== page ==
Philippine rebels surrender

Associated Press

CAGAYAN DE ORO, Philippines – More than 600 Muslim rebels, including a commander, surrendered Thursday in a ceremony led by Philippine President Joseph Estrada.

Estrada urged the remaining guerrillas to resume peace talks with the government. The talks were suspended June 30.

“We must resolve our differences through peaceful means because fighting among ourselves will never bring any good to either one of us,” he said.

Estrada stood on a grandstand as he led the 609 former members of the Moro Islamic Liberation Front, most still wearing camouflage uniforms with rebel insignias, in pledging allegiance to the government. In front of the stage was a long table with more than 400 firearms that belonged to the rebels.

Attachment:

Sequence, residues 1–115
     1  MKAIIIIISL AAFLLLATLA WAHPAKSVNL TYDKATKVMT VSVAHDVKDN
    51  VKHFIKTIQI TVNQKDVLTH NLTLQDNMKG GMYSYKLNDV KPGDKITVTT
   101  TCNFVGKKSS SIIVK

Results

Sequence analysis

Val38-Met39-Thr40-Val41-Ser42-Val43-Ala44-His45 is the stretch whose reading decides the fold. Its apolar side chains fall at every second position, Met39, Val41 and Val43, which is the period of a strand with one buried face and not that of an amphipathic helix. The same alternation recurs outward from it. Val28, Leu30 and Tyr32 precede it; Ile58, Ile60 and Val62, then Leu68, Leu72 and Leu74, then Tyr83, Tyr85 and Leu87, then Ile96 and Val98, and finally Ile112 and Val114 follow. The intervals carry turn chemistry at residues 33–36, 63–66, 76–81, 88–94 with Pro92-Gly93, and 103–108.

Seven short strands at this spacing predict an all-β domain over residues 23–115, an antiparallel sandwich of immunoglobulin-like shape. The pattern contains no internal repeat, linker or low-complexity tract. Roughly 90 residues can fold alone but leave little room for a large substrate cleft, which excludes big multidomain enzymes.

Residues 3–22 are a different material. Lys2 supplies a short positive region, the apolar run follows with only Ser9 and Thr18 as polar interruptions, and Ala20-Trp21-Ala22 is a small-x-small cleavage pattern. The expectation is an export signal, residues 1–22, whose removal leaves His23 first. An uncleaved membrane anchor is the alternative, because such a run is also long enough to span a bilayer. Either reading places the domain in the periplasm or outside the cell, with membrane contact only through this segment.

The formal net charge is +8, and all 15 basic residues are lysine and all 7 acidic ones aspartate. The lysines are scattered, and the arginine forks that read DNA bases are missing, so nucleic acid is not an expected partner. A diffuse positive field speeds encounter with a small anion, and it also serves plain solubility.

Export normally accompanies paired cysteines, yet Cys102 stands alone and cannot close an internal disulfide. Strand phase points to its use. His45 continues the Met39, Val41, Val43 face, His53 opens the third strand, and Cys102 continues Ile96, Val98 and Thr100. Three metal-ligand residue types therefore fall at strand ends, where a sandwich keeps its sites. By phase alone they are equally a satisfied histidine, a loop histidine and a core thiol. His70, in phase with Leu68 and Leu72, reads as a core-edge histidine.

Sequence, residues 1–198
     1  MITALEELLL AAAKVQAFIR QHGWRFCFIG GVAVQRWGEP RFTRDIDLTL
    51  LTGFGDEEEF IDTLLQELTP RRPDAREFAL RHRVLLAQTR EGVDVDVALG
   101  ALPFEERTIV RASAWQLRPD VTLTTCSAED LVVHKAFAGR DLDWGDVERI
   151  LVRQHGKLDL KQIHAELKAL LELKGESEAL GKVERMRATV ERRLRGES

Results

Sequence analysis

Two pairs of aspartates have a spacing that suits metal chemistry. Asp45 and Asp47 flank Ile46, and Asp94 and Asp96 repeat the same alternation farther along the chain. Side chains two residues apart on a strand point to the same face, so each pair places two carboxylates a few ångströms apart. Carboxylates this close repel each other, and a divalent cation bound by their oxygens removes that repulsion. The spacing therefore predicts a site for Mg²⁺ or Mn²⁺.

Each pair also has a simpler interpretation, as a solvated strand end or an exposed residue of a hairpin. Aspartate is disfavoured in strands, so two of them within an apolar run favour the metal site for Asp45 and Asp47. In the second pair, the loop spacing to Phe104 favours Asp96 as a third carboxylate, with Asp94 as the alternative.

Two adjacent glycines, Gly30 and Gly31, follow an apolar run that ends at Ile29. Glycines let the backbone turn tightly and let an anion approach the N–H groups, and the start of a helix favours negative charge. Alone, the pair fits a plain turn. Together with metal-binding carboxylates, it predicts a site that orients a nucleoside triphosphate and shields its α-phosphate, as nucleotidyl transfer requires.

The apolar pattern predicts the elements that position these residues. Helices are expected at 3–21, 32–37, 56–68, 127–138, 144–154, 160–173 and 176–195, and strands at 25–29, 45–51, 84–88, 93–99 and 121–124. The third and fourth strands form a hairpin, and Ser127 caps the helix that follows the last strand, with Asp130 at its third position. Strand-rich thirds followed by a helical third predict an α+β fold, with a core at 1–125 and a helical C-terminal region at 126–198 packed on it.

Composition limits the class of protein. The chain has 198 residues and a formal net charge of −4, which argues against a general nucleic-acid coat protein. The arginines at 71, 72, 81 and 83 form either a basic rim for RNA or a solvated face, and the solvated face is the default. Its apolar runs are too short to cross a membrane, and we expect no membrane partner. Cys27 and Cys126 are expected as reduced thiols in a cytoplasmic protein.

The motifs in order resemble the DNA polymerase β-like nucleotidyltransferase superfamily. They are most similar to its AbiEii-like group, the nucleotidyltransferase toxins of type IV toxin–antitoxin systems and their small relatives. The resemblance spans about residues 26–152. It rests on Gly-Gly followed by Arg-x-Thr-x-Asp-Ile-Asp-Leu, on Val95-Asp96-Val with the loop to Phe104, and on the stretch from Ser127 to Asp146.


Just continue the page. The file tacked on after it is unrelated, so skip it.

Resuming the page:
The surrendering guerrillas were led by Malupandi “Commander Lupay” Cosain, a former provincial vice mayor who joined the Muslim insurgency.

Estrada suspended peace talks with the Moro front after the guerrillas refused to abandon their secessionist goal, stop attacks and lay down their arms.

The Moro group is the larger of two groups fighting for an independent Islamic state in the southern Philippines. The other is the Abu Sayyaf, the group responsible for a spate of hostage takings since April.

Meanwhile, Philippine troops have begun searching neighboring islands for five hostages and their Muslim rebel captors who have not been seen for more than a week on Jolo island, officials said.

The military had previously said it believed the hostages – an American, three Malaysians and a Filipino – were still on Jolo. It has tried to prevent the escape of the Abu Sayyaf rebels with a naval blockade and seizure of private boats.

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